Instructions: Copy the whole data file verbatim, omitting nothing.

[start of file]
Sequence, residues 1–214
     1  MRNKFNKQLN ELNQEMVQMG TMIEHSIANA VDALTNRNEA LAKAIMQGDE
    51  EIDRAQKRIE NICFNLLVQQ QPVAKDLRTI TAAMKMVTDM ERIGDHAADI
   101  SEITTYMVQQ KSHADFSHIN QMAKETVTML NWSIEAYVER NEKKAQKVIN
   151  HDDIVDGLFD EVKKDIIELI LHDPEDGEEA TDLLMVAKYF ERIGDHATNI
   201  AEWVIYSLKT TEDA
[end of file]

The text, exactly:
Sequence, residues 1–214
     1  MRNKFNKQLN ELNQEMVQMG TMIEHSIANA VDALTNRNEA LAKAIMQGDE
    51  EIDRAQKRIE NICFNLLVQQ QPVAKDLRTI TAAMKMVTDM ERIGDHAADI
   101  SEITTYMVQQ KSHADFSHIN QMAKETVTML NWSIEAYVER NEKKAQKVIN
   151  HDDIVDGLFD EVKKDIIELI LHDPEDGEEA TDLLMVAKYF ERIGDHATNI
   201  AEWVIYSLKT TEDA